Finished paper from the Washi Workshop
Here are some photos of paper made at our recent Washi Workshop.
This is the sheet that was made using the western-style technique of a single dip in the vat and letting all the water drain through the mould screen. I had a piece of no-see-um netting over the mould and the paper was dried on this netting as we found it impossible to couch off. The sheet curled a bit when we peeled it off once dry but other than that it is a fairly nice sheet.
This is one of the 3 or 4 good sheets we got from the batch, probably one I made later in the evening after the workshop was done. It is very light, evenly thick, although it seems to show shadow lines from the ribs in my keta.
Many of the sheets showed one of more of the flaws in this sheet. The most obvious one is the hole near the lower right. The heavy bottom edge seems to result from a combination of insufficient formation aid and incomplete throw-off of the pulp from one dip, leaving a roll of fibre at the edge of the sheet. The thick line a few inches from the top of the sheet, and the thin area above it (often to the point of having holes) seem to be due to poor motion when picking up a fresh scoop of pulp, causing the first few inches of the sheet already formed to bunch up.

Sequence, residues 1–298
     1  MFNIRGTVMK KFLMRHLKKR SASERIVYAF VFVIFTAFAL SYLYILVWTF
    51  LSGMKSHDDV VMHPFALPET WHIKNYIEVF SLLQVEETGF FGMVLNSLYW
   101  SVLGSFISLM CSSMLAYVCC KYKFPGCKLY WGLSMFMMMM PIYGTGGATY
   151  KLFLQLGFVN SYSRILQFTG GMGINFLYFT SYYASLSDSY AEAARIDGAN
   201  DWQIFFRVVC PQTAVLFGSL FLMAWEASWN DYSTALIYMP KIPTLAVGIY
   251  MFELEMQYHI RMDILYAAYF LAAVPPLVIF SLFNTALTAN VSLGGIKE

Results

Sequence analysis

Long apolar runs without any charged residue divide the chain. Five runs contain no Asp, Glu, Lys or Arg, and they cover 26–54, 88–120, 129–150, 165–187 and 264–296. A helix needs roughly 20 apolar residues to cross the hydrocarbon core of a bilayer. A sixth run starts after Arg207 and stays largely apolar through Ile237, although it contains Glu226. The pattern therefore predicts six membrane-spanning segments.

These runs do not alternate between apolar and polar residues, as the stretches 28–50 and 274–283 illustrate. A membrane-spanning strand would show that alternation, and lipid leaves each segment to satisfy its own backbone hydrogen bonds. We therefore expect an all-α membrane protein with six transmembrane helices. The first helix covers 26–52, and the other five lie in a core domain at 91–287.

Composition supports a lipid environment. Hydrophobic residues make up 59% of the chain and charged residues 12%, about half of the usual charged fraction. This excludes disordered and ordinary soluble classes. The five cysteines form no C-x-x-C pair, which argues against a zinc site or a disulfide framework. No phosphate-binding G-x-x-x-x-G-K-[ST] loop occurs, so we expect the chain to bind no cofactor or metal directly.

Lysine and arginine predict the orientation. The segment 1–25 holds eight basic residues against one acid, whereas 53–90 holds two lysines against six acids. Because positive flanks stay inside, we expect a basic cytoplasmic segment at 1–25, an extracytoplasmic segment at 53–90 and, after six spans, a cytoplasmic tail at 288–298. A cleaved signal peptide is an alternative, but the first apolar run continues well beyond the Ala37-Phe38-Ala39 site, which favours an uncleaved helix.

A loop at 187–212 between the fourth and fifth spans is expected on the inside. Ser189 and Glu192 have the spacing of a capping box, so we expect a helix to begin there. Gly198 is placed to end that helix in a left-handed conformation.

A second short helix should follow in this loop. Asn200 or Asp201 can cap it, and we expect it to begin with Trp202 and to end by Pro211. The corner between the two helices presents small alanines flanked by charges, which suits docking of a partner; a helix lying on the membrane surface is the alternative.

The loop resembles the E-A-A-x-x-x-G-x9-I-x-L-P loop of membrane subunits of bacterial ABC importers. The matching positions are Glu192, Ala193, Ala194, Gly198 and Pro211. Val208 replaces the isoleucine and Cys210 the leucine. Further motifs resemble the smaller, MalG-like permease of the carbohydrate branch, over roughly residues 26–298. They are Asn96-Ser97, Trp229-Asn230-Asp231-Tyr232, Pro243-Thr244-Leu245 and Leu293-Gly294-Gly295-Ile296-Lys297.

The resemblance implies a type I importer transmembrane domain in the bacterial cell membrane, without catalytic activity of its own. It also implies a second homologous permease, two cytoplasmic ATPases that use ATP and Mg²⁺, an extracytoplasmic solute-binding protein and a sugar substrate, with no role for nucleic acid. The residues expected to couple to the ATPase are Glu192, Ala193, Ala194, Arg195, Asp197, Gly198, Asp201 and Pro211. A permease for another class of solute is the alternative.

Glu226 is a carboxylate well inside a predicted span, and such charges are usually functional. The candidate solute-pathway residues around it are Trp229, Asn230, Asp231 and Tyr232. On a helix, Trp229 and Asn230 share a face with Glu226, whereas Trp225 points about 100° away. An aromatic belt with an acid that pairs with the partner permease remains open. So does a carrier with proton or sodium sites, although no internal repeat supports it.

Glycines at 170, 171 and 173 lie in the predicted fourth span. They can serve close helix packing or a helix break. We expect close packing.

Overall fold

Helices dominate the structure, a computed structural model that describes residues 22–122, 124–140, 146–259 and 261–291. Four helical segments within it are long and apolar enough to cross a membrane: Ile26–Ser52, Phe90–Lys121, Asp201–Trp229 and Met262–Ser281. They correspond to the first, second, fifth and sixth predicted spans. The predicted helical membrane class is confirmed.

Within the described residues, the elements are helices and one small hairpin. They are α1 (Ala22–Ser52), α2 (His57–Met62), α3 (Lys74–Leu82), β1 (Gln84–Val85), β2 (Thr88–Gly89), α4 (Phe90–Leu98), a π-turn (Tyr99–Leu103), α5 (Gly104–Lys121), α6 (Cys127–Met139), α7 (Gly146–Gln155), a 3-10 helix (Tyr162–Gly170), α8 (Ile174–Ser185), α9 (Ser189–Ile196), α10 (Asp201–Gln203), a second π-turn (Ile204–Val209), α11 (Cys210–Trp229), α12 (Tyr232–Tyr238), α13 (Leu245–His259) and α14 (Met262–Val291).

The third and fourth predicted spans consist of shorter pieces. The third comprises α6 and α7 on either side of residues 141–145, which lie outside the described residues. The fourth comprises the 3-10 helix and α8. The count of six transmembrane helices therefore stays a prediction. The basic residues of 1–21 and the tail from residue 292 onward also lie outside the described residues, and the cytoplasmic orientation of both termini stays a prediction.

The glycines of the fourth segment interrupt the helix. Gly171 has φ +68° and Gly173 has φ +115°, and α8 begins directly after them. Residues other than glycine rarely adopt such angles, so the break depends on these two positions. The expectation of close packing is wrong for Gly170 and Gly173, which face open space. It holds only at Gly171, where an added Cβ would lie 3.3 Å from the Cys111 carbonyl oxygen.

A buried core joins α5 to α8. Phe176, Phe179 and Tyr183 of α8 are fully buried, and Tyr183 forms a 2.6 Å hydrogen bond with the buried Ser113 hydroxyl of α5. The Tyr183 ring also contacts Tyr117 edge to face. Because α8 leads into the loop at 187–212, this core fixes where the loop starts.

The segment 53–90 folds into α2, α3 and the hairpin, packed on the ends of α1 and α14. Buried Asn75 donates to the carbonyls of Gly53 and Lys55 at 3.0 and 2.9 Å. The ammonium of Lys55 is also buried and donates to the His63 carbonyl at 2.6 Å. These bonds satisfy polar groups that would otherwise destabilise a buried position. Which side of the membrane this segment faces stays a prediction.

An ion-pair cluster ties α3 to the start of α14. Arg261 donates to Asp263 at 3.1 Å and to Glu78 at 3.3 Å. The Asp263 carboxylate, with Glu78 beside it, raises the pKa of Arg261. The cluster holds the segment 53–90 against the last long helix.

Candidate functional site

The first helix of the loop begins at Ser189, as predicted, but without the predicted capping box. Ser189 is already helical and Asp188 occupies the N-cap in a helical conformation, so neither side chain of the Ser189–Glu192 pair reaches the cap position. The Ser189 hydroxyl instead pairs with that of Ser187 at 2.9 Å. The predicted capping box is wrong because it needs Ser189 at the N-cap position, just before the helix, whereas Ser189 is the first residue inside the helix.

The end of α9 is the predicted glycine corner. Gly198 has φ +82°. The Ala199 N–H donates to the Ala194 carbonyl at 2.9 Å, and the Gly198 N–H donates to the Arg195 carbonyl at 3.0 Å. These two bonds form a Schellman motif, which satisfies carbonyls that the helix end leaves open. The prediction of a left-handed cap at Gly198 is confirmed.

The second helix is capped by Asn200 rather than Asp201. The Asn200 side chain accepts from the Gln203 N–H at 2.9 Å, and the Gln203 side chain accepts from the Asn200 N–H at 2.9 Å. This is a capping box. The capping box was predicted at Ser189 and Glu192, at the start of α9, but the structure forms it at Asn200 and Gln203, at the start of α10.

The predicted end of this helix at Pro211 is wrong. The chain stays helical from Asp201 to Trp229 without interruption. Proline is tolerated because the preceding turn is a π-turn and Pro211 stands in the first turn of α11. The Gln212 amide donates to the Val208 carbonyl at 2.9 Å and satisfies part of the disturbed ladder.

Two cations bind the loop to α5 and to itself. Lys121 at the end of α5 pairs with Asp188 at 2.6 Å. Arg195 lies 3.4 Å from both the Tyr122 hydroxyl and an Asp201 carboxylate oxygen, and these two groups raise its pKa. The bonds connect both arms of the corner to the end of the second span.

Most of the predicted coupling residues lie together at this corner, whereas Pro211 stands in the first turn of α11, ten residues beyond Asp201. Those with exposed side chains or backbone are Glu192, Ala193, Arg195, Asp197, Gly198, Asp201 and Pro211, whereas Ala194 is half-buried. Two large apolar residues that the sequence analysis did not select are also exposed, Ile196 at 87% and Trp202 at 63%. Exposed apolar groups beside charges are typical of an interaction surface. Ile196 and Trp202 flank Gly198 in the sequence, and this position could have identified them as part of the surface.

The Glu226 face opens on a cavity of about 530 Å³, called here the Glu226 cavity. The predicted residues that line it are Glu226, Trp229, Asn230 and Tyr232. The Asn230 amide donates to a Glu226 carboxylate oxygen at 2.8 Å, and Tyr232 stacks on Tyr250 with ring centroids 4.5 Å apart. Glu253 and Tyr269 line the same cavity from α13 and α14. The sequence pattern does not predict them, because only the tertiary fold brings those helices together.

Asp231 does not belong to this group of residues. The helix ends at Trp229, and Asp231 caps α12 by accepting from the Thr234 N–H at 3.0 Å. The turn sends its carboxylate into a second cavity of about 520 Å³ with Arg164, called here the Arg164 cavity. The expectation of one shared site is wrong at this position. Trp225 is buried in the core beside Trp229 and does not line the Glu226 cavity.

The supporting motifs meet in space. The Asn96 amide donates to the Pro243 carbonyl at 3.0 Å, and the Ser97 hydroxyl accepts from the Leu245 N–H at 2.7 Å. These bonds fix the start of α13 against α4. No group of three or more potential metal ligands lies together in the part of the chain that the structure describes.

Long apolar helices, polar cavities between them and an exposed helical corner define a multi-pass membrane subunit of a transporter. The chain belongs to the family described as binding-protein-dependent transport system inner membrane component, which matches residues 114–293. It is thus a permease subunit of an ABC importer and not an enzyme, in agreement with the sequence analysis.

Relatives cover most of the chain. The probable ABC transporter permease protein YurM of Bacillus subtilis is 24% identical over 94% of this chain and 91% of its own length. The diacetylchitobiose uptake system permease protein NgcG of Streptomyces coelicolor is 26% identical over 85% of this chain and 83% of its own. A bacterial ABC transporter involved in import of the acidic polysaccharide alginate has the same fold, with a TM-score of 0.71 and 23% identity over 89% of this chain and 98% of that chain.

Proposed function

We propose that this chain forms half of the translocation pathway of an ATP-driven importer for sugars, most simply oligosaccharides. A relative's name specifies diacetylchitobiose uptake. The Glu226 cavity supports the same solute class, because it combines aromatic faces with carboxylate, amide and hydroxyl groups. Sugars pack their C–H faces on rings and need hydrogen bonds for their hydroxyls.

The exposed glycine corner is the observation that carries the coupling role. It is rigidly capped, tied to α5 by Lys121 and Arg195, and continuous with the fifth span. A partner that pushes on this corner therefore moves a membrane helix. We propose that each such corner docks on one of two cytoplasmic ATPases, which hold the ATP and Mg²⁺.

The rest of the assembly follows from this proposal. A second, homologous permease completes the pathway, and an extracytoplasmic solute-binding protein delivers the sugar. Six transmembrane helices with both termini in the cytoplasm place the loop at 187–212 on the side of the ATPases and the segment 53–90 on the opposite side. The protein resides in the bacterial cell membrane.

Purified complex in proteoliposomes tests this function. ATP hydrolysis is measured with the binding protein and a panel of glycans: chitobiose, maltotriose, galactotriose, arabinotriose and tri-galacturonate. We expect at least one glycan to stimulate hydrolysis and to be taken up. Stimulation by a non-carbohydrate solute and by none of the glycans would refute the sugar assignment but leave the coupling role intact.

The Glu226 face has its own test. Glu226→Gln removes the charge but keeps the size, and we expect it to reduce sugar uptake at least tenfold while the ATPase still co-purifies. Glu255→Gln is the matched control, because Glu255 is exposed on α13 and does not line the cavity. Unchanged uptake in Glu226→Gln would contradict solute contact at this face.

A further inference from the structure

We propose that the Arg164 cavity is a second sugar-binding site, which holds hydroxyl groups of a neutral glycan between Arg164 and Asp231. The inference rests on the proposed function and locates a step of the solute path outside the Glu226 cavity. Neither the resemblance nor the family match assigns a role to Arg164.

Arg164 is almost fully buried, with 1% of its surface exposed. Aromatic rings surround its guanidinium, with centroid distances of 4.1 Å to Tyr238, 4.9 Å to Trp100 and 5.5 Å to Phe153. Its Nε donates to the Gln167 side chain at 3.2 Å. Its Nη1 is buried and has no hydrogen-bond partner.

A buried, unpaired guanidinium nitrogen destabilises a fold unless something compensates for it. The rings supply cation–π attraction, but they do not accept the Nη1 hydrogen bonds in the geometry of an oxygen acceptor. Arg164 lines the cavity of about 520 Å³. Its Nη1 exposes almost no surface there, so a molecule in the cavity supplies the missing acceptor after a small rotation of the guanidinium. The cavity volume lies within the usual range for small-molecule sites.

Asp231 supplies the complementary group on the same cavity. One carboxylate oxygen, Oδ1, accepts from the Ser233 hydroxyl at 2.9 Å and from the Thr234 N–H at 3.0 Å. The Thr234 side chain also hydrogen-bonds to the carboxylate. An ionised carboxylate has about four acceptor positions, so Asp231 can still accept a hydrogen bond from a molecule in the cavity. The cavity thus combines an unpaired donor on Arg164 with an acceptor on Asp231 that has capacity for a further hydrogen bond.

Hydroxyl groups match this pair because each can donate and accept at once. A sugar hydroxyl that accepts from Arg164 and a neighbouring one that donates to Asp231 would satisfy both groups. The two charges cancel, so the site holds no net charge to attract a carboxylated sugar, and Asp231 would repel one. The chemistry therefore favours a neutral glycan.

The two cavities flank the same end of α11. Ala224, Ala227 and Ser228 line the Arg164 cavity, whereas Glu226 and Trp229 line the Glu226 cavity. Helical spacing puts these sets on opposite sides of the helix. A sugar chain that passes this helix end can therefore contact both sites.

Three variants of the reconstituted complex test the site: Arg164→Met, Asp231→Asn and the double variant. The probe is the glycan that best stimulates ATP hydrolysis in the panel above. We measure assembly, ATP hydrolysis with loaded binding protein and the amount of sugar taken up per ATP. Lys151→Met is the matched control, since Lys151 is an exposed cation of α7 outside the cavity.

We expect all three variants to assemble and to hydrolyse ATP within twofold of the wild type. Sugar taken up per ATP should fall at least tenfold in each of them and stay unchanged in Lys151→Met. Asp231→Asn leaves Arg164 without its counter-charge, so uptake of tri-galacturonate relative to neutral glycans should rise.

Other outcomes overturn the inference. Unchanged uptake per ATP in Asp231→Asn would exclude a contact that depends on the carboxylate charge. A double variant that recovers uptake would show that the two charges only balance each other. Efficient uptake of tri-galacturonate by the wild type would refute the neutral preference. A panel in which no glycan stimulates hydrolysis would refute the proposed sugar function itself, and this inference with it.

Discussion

My habit is to scoop new pulp on the near side and throw off on the far side, so these two flaws always appear on the same edges of the sheet (although they don’t necessarily appear together). The thick far edge may also be the result of working one scoop of pulp too long, leaving too little water and too much fibre in the su, preventing a clean throw-off. This may be why more formation aid helps, as this would reduce the drainage rate of the pulp and keep it free-flowing longer.
One sheet ended up double thickness because I forgot to put the separator thread between the sheets.
Most of the initial sheets in the post had holes or came off in tatters because the sheets were not couching off the su properly. I wonder if I should start my post with a sheet from a previous batch so the top of the post can provide the right amount of cling for the sheet on the su.
The western papermaking that was also taking place as a diversion from making the washi resulted in a stack of 8½×11″ sheets in a light blue-gray with a speckle to them.
This was the western-style paper people were making as a diversion from the washi. It is made with recycled brochures resulting in a light gray paper with dark specks.